The act sets a statewide renewable energy standard of 50 percent by 2030 for New Mexico’s investor-owned utilities and rural electic co-ops leading to a goal of 80 percent renewables by 2040. Investor-owned utilities are to reach zero carbon emissions by 2045. Three solar electric generating projects in San Juan County are planned to partially make up for those closures. The first expected to begin delivering electricity would be the San Juan Solar project to generate 598 megawatts of power, accompanied by 300 megawatts of storage capacity nearby. Another indication of the way things are going: the N.M. General Services Department last month cleared the way to order 28 electric vehicles for the State’s motor pool. Installation of 30 charging stations is nearing completion at state government locations around Santa Fe.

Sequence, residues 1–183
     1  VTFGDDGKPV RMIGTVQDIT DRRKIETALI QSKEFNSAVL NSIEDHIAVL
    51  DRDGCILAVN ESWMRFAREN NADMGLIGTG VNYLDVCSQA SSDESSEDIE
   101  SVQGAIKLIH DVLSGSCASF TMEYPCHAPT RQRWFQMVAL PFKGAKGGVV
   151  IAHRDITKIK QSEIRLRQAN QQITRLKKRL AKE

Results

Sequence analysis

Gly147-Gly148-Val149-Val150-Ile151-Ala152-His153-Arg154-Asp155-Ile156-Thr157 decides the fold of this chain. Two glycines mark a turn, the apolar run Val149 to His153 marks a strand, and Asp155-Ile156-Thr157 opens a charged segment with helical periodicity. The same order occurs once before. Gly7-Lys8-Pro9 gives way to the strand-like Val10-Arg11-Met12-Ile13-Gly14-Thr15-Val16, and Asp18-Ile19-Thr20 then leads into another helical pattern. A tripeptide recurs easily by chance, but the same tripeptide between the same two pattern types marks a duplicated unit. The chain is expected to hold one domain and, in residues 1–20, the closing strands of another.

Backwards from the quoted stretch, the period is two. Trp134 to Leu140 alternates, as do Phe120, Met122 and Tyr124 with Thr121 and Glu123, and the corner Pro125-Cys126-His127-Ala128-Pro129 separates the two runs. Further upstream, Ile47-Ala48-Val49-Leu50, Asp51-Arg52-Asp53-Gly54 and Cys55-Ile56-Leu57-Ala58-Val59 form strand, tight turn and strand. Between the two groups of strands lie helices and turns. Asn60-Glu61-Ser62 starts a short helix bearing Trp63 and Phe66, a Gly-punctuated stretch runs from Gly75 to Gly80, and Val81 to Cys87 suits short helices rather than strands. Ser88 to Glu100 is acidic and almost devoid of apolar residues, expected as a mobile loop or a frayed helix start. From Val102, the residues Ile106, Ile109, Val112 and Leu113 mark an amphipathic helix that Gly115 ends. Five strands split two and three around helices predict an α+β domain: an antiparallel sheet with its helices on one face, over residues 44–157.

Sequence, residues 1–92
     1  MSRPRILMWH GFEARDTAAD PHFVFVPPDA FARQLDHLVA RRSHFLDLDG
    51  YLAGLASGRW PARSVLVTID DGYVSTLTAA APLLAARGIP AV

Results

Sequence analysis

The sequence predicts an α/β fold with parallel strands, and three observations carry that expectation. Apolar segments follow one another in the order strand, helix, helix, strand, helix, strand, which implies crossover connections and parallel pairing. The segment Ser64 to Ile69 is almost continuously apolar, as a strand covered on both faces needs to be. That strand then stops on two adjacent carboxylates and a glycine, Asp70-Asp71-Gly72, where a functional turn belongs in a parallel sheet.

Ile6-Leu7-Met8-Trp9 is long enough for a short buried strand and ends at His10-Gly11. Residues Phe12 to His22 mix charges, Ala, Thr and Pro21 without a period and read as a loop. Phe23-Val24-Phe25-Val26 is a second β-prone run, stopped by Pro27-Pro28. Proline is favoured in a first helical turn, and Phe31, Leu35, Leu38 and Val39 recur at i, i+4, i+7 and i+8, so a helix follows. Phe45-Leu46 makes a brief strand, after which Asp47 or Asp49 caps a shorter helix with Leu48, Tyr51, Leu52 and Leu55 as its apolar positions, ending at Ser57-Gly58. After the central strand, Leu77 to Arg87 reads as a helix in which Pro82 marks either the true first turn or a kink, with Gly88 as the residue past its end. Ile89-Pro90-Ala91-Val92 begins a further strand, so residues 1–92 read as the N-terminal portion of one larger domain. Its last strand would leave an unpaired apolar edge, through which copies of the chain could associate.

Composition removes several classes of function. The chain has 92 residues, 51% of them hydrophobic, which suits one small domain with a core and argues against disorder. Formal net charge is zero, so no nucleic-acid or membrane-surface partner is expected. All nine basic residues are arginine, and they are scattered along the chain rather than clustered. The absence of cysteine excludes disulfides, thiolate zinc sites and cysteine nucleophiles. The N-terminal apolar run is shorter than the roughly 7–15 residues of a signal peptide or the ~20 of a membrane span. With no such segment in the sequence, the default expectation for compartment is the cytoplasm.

Biden’s choice of John Kerry as the administration’s point-man on climate change offers maximum leverage for effectiveness at home and abroad. Not only was Kerry U.S. Secretary of State under President Barack Obama, he also headed the U.S. delegation to the United Nations conference on climate change in Paris. As such, his role was key to the international agreement’s success. (See Corrales Comment’s coverage of the Paris conference starting with Vol.XXXIV No.21 December 19, 2015 “U.N. Climate Change Accord: Citizen Action Made It Happen.”)

Kerry’s commitment to confronting climate change runs deep. Along with Al Gore, Kerry was a delegate from Congress to the Earth Summit in Rio de Janeiro in 1992 when he was 49 years old. That global conference established the U.N. Framework Convention on Climate Change which set in motion years of international collaboration culminating with the 2015 Paris accord. As a senator from Massachusetts, Kerry was chairman of the Senate Foreign Relations Committee and delivered a benchmark address to the United Nations on the 20th anniversary of the Earth Summit.